FileZilla is one of the best FTP clients ever, however while they’re perfect everybody else isn’t
What this means is that if an FTP site isn’t configured correctly then trying to download files that have special characters or accents in them using the FileZilla client will fail, the FileZilla team don’t want to support it because they’re doing the correct thing standards wise (UTF-8 settings on the server) and it’s other people’s failings that are causing the problem but other clients DO support this kind of behaviour eg. firefox which is a shame…
This means that we do need to find a way around the problem with FileZilla, the first sign that something has gone wrong will be in your failed downloads tab
A quick glance at the file usually shows you that there is a special character or accent in it, in this case a “À”
To get round this I found easiest way is merely to select all of the items that have failed right click and export them
This will give you an XML file, open it up and look for the “File” sections and then find and replace the special charaters in the “localFile” section to a none special charater, save the file then import it into fileZilla (file —> Import), you will find that it will download all missing files.
It would be nice if there was an automated version of this but as far as I can tell the FileZilla guys are sticking to standards. :(
This is an old tip that I never thought I would use again but has come back to life with the advent of the cloud:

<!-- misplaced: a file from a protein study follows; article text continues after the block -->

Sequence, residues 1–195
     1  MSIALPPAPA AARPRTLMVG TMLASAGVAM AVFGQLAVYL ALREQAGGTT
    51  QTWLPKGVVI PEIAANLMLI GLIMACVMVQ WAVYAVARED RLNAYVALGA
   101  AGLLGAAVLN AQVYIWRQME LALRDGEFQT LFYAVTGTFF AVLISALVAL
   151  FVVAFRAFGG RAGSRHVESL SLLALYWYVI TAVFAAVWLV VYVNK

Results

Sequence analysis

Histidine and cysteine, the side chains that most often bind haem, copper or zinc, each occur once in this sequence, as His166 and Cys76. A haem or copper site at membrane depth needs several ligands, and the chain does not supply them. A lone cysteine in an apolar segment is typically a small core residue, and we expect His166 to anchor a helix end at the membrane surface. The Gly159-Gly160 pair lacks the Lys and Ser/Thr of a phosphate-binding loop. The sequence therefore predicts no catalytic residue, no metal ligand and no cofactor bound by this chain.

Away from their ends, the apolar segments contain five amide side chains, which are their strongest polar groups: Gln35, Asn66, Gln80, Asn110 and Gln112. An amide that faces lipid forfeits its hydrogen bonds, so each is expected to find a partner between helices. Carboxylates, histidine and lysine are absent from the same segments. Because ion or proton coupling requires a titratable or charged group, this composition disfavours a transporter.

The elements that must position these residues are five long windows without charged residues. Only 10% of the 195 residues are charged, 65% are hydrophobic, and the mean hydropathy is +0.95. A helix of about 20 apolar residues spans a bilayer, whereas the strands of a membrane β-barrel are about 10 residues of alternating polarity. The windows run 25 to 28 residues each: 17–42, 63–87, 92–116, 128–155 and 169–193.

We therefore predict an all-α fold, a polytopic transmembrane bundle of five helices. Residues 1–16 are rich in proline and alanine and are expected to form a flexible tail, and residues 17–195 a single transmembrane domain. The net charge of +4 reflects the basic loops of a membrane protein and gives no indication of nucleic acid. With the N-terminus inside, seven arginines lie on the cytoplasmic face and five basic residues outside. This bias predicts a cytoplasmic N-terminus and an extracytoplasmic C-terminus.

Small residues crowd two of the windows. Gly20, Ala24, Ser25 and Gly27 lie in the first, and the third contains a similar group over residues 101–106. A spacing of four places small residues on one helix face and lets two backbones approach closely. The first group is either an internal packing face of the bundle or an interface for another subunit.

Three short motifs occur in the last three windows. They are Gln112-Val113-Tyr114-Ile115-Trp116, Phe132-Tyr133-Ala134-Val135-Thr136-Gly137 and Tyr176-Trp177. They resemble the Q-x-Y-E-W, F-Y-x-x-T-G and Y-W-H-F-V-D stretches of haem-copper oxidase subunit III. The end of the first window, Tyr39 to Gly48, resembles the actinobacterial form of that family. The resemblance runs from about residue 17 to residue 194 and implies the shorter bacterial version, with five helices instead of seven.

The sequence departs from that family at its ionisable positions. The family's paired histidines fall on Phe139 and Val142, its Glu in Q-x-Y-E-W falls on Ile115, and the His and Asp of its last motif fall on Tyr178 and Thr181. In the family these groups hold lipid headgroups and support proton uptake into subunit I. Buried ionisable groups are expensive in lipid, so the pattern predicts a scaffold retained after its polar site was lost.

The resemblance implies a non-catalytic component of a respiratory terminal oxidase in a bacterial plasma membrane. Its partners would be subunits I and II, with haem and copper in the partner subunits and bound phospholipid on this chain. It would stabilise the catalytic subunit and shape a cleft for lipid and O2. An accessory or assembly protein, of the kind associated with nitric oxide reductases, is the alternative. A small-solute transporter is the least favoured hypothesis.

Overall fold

We are migrating multiple servers from onsite to the cloud, the bandwidth of this copy means that it won’t happen within 24 hours and it definitely won’t happen within the maintenance window we have, normally with Lotus Notes migrations from one server to another this wouldn’t be an issue as Domino replication has been a model of stability and ease of use for well over 10 years HOWEVER there are tons and I do mean tons of complex replication settings in this clients setup a lot of them unknown or unremembered to the client, so they have found that using replication means they will miss some of these and after having a look at them I tend to agree so file copy it is..
NSF files tend to be a bit bulky and zip up really rather well so zipping them up before moving them over them makes sense but we don’t want to do one large zip, because 1) The target file system doesn’t have a lot of extra space on it, and 2) The actual copy will take several days so we want to do it one chunk at a time
First let’s get a list of all of the NSF’s files we want to copy over, this will have a double advantage of giving us an indication of numbers and size etc as well as giving us something that we can actually work through so that we can do one group at a time,
Once we have the list then the following little script popped in a batch file and with WinRAR installed on the system will give you an exact mimic of your notes folder structure but with each NSF zipped up and in the correct place
You can then copy them over in whatever method you prefer and unzip as suits you, this method may seem a little Noddy but this is the third time I’ve used it and every time the notes movement has been the easiest part of a migration.